Sunnytown Place moved in and built their tiny town for toddlers in 2014. Cinderelli’s has been in business at their current location for a little over three years. The property was sold to Olson by Providence Ministry’s Kate’s Kitchen — the soup kitchen she volunteered at for years.

WHAT’S ENDURING: Though many of the store owners are new to the block, they bring with them cumulative decades of experience.

At Mane Tamers, the five hair stylists and one nail technician each have at least 35 years of experience. Rogers said that one of her stylists, Pam Doyle, has worked at the salon for over 14 years, and has been Rogers’ friend since their late 20s.

THE PLAYERS: Though Olson doesn’t have the time to regularly volunteer anymore, she brings her altruistic spirit to Cinderelli’s. Customers who consign their clothes have the option of donating 10 percent of their profit to three charities: Providence Ministries for the Needy, BARC, Inc. animal relief shelter and Safe Passage against domestic violence.

Sattler owned Ohana School of Performing Arts for 14 years before the passed it on to her daughter and began running Sunnytown Place. With family and friends operating side-by-side, this plaza does its best to make customers feel at home.

THE UPSIDE: Located at the busy intersection of Route 33 and 116, the roadside storefronts receive quite a bit of drive-by sales. Olson notes that customers often drop by Cinderelli’s Consignment on their lunch hour to pick up a “new-to-you” outfit. As if on cue one day last week, Lynn Meyer of Ludlow stopped by Cinderelli’s around noon in between errands to drop off some items to consign.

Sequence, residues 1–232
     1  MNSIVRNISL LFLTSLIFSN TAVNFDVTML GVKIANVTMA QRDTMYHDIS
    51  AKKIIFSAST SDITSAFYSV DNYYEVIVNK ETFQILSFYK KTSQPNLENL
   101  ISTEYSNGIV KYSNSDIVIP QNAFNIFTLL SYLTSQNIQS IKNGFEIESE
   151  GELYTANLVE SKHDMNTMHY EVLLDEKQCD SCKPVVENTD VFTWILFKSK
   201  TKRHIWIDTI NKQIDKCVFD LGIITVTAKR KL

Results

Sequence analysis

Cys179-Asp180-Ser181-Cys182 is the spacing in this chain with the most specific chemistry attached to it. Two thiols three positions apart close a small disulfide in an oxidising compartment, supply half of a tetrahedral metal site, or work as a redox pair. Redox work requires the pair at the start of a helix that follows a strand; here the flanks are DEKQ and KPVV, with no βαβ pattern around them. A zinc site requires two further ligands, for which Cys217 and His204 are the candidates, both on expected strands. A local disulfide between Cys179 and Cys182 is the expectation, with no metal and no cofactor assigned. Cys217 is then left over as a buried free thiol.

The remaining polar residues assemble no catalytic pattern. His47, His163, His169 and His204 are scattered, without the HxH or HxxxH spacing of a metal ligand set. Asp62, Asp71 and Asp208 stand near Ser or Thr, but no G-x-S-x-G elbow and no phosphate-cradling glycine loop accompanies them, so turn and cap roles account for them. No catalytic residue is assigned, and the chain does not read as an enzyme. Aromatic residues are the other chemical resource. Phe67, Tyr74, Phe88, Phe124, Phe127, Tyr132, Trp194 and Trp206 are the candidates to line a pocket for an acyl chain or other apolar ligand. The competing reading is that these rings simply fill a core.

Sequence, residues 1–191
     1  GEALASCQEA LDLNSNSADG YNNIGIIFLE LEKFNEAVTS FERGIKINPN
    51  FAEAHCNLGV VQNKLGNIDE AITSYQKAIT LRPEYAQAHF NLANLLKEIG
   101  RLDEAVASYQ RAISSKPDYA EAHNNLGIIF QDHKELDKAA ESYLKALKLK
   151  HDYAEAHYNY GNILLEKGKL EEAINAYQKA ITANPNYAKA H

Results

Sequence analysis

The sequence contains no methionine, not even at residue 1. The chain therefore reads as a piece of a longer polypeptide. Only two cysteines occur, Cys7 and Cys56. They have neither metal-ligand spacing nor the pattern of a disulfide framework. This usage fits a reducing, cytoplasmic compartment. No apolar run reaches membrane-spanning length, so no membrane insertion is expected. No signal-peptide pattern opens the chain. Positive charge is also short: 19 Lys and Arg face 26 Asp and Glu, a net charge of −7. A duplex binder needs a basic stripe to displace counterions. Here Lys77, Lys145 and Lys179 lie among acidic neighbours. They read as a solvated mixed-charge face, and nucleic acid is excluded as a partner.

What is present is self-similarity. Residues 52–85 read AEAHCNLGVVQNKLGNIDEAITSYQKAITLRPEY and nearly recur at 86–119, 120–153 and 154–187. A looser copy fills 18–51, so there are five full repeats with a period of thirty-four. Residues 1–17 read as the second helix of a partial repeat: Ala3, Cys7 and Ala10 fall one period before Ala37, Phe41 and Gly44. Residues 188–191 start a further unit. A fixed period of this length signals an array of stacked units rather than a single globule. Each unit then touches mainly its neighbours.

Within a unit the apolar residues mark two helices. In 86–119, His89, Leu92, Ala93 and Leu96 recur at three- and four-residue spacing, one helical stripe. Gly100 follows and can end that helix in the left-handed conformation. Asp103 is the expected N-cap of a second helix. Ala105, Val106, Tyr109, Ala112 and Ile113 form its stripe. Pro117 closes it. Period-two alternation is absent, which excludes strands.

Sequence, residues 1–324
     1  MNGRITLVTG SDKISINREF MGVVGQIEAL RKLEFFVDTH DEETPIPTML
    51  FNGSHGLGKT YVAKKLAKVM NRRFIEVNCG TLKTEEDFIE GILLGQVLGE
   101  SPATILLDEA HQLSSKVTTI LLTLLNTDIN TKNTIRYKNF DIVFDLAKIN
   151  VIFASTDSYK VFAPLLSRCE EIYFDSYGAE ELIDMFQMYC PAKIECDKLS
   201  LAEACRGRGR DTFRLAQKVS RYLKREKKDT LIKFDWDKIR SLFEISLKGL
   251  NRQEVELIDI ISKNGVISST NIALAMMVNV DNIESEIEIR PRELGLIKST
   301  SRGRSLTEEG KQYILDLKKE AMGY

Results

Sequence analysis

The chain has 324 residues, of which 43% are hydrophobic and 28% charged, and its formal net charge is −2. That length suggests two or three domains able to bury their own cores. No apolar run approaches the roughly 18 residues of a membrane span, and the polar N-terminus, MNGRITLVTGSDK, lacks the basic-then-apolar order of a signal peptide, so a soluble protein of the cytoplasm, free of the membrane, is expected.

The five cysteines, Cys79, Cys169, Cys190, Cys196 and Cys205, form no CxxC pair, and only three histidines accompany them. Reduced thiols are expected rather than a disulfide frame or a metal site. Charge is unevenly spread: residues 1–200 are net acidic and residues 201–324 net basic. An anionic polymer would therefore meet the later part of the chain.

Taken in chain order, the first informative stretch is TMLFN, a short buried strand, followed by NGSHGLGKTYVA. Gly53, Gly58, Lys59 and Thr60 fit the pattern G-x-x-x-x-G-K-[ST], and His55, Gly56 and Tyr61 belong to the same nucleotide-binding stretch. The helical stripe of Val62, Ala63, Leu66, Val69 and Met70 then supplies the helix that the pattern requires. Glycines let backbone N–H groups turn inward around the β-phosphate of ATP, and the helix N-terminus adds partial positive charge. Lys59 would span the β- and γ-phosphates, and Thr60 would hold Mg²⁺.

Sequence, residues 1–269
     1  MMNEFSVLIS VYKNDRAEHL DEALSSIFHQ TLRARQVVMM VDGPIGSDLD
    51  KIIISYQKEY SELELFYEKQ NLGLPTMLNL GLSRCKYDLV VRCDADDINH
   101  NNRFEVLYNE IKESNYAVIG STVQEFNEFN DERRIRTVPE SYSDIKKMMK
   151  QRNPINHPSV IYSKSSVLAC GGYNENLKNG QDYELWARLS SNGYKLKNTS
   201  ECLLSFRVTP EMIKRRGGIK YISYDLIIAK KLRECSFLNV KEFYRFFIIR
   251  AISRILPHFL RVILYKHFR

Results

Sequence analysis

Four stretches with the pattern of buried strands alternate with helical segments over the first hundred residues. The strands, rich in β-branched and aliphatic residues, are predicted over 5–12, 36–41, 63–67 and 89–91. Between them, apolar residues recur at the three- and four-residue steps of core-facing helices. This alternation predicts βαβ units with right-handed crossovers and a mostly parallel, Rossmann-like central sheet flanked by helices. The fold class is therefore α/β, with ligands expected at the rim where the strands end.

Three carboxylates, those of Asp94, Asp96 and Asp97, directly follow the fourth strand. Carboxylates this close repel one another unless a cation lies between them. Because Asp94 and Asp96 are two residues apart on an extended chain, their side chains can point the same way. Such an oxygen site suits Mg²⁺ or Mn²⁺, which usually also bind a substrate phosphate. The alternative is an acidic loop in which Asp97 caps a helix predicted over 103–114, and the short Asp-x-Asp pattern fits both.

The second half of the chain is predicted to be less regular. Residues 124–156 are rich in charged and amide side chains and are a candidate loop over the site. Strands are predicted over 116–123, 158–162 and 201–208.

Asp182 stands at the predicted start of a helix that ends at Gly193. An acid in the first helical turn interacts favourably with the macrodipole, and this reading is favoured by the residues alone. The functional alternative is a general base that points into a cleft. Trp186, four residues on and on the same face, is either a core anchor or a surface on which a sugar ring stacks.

“I saw the store when we were across the street eating,” Meter said. “I like shops like this because you can always find something unique.”

For Sunnytown Place, being tucked on the side of the building offers a more worry-free environment for families to bring their children and relax while they play away from roads, parking lots and windows.

THE DOWNSIDE: Olson speculated that when the shopping center across the street — now called South Hadley Plaza — lost several key tenants, most notably Big Y, the block of business lost a bit of traffic. There was once a diner, movie theater and other attractions that no longer existed at that location.

Olson also said that being small business owners means doing what they can to keep their hours of operation convenient for customers, prices low and staff intimate. She runs a one-woman show at her store, and because of that can only be open four days a week, but tries to bring in as many repeat customers as possible.

Parking is limited to a small lot in the back of the buildings that is also shared with an auto shop next door, but has a number of spaces open on a Thursday afternoon.

VERBATIM: “This is a prime location for family-owned businesses,” said Sattler at Sunnytown Place. “We all get along really well, we all take care of each of and we all watch out for each other.”

Morgan Hughes can be reached at mahughes@umass.edu.